Santos in Oaxaca's Ancient Churches
A study of santos in 16th-century and other churches in Oaxaca, Mexico
By Claire and Richard Stracke
Funded by a grant from the Rockefeller Foundation
In the Museum in the
former convento at Santo Domingo Yanhuitlán:
| Crucifix 3:
The nailheads are large and elaborate and decorated with glass "jewels." The lips are parted. The blood flowing from the wound in the side comes in realistic bulbous drops. The crown does not appear to be original. The dark crosspieces are deeply and elaborately sculpted, and have highly decorative brass caps. Set atop the vertical piece is a carved gilt frame for the carved "INRI" letters, but only the first I and the N now remain.
Local Name: El Señor de la Misericordia.
Basis for Identification: Cruciform
halo, faded red loincloth, crown of thorns, wounded
side, skinned knees, flowing blood.
Other characteristics: No scutum.
Site: Museum of Santo Domingo Yanhuitlán.
Location: East wall of the convento museum (see note).
Media and construction: Wood, gesso, paint, fabric loincloth, metal halo and crown of thorns. Hair: sculpted.
Size: About 9 feet (275 cm.)
Comparable santos in Oaxaca: Achiutla, Santa Ana del Valle1, Santa Ana del Valle2, Santa Ana del Valle3, Cuilapan, Etla, Guelavia, Mitla, Nochixtlán, Tamazulapan1, Tamazulapan2, Teitipac1, Teitipac2, Teitipac3, Teitipac Our Lady of the Rosary, Teotitlán1, Teotitlán2, Teposcolula1, Teposcolula2, Teposcolula3 (in Rosary case), Teposcolula Convento1, Teposcolula Convento2, Tilantongo1, Tilantongo2, Tlacolula1, Tlacolula2, Xoxocotlán1, Xoxocotlán2, Xoxocotlán3, Xoxocotlán4, Yanhuitlán1, Yanhuitlán2, Yanhuitlán Convento1, Yanhuitlán Convento2, Yanhuitlán Convento4, Yanhuitlán Convento5, Yanhuitlán Ayuxi Chapel, Zimatlán.fourth crucifix on the east wall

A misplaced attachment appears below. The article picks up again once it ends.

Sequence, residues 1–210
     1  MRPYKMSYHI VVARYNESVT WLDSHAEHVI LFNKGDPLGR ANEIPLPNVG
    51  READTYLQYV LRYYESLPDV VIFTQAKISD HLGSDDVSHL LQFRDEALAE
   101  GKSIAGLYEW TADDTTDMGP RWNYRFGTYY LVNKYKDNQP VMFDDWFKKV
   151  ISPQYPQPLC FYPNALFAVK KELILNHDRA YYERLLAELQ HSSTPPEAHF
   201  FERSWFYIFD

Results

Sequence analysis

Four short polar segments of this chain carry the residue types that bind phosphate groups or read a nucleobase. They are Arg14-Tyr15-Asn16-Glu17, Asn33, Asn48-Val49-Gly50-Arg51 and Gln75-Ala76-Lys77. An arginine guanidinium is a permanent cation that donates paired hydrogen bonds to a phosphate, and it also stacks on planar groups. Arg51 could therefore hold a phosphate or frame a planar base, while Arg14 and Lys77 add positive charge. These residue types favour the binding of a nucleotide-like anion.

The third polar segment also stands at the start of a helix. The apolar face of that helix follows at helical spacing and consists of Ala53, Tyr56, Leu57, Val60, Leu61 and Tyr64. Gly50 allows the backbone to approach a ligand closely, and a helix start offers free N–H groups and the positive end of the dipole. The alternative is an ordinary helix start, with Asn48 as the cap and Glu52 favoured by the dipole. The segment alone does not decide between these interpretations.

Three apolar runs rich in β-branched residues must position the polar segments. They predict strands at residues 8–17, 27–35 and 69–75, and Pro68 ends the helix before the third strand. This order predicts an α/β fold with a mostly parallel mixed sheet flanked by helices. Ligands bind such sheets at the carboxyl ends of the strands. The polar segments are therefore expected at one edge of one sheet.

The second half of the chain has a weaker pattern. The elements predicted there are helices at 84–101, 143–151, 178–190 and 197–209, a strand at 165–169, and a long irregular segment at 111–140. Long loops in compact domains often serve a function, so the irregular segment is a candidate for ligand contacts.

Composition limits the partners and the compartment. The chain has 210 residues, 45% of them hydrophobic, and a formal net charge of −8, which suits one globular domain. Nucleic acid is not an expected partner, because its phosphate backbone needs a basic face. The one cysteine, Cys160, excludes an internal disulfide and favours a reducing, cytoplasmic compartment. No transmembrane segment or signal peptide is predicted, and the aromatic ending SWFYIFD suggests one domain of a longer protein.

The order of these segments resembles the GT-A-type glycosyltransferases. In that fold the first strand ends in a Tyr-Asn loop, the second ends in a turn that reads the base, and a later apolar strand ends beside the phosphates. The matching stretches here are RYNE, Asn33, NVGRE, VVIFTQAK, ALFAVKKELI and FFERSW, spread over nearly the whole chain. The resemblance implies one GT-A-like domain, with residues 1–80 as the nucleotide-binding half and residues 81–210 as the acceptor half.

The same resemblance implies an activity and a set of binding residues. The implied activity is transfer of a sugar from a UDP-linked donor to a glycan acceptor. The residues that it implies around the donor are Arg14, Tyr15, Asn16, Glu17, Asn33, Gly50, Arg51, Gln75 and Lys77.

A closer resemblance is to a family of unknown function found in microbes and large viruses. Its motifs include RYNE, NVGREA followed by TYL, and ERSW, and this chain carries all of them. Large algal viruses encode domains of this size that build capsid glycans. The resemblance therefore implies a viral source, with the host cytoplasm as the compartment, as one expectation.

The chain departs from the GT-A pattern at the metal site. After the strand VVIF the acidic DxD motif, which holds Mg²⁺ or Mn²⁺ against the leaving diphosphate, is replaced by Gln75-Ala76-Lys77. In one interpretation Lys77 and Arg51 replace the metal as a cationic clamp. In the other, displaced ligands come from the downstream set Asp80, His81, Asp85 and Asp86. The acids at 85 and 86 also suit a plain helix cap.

Introduction to the Museum at Yanhuitlán
Note: On this site, references to the cardinal directions in a church always assume that the main altar is at the east end of the church, the narthex or entry area at the west end, and the two walls of the nave on the north and south. (The nave is the long central section.) In Yanhuitlán, this schema extends the four directions to the Museum. That is, "east" means parallel to the east side of the church, "south" to the south side, etc. Actual orientations may differ.
The photo shown here is licensed under the
Creative Commons Attribution-Share Alike 3.0 Unported
license. You are free to share or remix it on two
conditions: first, that you attribute it to the
photographers, Claire and Richard Stracke, without
implying any approval of your work on their part;
second, that if you alter, transform, or build upon
this photo, you may distribute the resulting work only
under the same or similar license to this one.